With this new intro I made the mistake of thinking like an engineer rather than a story-teller. The story needed to deliver certain information to the reader earlier. I've tried to do it with this new introductory scene -- and forgotten to include a hoook!
I'll revert to the old initial scene with the little girl, and revise using this new stuff as back story.
If I may, I'll cash those kind offers to (re)read in a few days after revising back to using the old initial first scene.
Many, many thanks for your comments, and the helpful way they are expressed, Pat
Enjoying relief from the mallís materialism, Steve's audience watched his tricks with rapt attention. Crowd's small today. I'll be lucky to make rent. "What's your name?" he asked a little girl at the front. "Linda." "My last trick is for you, Linda." He held up a sheet of yellow paper. "Itís recycled!" he shouted with a mocking salute to the nearest security camera, drawing a wry laugh from the crowd. Aligning himself so that neither Linda, audience nor cameras could see the sleight-of-hand, he crumpled the paper into a ball and tossed it into the air where it blossomed into a yellow lily which floated down to his waiting hand. He presented it to Linda with a flourish,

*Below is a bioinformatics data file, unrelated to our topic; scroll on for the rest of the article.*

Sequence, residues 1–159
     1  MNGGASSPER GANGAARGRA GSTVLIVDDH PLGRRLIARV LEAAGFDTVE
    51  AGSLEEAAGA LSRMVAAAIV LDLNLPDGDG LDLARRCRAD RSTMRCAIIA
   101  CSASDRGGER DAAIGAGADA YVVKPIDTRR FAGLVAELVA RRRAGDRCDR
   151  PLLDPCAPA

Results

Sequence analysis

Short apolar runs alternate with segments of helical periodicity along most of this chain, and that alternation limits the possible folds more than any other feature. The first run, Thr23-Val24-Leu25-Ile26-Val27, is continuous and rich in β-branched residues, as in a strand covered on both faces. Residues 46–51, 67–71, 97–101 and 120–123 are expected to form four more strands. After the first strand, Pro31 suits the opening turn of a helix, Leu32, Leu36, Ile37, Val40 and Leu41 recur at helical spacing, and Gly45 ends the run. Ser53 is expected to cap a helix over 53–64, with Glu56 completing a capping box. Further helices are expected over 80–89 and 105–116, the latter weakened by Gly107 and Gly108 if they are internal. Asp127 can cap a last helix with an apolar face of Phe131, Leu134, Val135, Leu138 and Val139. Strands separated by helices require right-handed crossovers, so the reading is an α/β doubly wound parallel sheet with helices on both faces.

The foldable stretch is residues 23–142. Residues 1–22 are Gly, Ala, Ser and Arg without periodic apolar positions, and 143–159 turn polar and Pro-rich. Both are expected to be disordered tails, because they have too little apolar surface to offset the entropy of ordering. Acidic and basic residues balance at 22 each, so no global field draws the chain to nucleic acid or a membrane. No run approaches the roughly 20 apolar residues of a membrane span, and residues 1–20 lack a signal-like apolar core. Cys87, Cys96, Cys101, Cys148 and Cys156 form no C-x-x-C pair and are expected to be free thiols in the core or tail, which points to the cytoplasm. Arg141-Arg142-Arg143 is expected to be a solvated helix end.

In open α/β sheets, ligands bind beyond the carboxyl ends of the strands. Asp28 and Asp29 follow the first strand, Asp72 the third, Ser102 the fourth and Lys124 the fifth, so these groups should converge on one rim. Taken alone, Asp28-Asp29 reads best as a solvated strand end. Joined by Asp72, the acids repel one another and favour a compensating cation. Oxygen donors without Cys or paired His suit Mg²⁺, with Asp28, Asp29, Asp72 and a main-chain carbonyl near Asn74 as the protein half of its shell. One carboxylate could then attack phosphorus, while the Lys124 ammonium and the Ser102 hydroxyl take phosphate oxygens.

New first 13, back to a character focus. Also, MC's name has changed and he's not quite the bum he was in the earlier version.
Thanks for your kind offers to read, it's on its way.
Also, I'd appreciate comments on this new first 13.
A busker? do they call them that where you are, Pat? They used to stroll the waterfront in Windsor, Canada, by the parks. Street performers. I understand San Fransisco has a lot of them too. None in Show Low, unfortunately.
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Well, I'm one of the folk reading it, but I thought I'd give my comment on the first 13 here.